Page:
You're ready to file your taxes and score a generous refund check, but if your employer hasn't given you your W-2 yet, you may not have the information needed to fill out your tax forms. By law, your employer must give you your W-2 by Jan. 31. If the employer refuses, you can still file your taxes, although you may need to file an amended return later when your W-2 arrives.
Talk to Your Employer
If your employer refuses to give you your W-2, let her know that the IRS requires her to issue it to you by Jan. 31. Tell your employer that the IRS will fine her for not issuing the W-2 on time. After Jan. 31, the fine is $15. That increases to $30 if it's more than 30 days late, or $50 if the employer never gives you the form at all. If you tell your employer that you'll contact the IRS, it might be the push she needs to issue your W-2.
Alert the IRS
The IRS recommends contacting it at 800-829-1040 if you don't receive your W-2 by Feb. 14. Before you call, gather the information the IRS will request from you. You'll need to give your name, full address, phone number and Social Security number. You will also need to provide your employer's name, address and phone number as well as your dates of employment with the employer. The IRS will ask for an estimate of your wages for the year as well as the federal income tax withheld. Base your estimate on the year-to-date information on your final pay stub. The IRS will attempt to contact the employer and ask her to send the W-2 to you.
File without Your W-2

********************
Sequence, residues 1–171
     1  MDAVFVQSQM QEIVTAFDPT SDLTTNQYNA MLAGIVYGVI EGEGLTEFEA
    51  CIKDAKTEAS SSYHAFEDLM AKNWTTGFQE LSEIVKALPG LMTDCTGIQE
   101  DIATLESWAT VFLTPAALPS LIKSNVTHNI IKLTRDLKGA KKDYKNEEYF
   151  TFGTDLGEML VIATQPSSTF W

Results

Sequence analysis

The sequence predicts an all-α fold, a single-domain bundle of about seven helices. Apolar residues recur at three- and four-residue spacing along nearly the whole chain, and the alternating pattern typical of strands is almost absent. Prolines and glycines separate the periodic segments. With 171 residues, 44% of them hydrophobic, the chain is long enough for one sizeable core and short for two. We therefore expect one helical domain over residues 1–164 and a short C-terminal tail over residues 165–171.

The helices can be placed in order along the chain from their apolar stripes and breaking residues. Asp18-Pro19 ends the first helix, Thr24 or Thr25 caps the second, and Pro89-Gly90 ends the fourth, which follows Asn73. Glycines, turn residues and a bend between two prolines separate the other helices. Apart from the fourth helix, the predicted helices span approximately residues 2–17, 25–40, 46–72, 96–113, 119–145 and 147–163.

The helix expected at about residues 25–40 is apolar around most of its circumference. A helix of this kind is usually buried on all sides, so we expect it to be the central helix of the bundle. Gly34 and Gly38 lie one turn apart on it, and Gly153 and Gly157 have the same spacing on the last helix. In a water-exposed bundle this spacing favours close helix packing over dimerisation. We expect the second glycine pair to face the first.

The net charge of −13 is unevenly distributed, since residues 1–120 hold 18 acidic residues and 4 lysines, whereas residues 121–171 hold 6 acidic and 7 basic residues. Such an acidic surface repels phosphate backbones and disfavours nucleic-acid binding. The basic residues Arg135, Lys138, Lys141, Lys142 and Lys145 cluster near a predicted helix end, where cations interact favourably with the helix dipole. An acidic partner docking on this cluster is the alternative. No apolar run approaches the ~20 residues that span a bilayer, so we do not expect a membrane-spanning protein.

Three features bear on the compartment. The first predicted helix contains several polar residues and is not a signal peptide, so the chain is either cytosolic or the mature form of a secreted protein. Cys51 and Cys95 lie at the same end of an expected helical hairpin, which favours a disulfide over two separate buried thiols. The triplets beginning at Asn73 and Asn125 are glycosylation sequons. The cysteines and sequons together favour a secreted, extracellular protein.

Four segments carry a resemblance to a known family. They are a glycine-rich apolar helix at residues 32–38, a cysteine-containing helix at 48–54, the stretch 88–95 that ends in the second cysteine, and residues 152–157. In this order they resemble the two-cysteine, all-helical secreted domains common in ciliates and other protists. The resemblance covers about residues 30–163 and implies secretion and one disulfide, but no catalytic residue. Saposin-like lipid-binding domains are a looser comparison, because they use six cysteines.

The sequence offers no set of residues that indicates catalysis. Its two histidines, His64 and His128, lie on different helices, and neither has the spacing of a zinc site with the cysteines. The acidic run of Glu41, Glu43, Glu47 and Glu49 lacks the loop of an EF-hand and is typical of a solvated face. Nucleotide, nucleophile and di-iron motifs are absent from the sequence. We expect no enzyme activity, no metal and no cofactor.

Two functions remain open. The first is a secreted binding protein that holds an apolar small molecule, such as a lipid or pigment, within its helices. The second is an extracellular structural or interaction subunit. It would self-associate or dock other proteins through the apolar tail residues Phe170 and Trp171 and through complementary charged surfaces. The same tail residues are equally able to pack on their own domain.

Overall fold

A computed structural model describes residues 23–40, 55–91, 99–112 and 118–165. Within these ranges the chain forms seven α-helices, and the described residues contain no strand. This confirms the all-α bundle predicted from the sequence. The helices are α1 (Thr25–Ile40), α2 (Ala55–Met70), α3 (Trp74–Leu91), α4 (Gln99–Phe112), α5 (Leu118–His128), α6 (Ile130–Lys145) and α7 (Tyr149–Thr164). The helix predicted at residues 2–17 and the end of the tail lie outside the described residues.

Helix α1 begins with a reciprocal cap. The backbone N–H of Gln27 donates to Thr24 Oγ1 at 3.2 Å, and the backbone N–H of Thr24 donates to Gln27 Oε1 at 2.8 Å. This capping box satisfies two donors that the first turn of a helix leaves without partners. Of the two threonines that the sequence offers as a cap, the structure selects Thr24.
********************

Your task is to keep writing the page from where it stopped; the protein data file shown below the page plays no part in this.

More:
If the IRS cannot contact your employer, or she still refuses to give you the W-2, you'll still need to file your taxes, typically by April 15. You can't file using your normal form, such as the 1040-EZ, however. You'll need to use Form 4852, Substitute for Form W-2, instead. This form asks for your estimated income information. The IRS may take additional time to verify the information before giving you your refund.
File an Amended Return
If you receive your W-2 after you already filed your taxes, you might need to file an amended return. You must file if the information on the W-2 doesn't match what you entered on the Form 4852. In this case, fill out Form 1040X, Amended U.S. Individual Tax Return. Filing an amended return may net you a bigger refund, or you may need to pay more taxes.
Melissa King began writing in 2001. She spent three years writing for her local newspaper, "The Colt," writing editorials, news stories, product reviews and entertainment pieces. She is also the owner and operator of Howbert Freelance Writing. King holds an Associate of Arts in communications from Tarrant County College.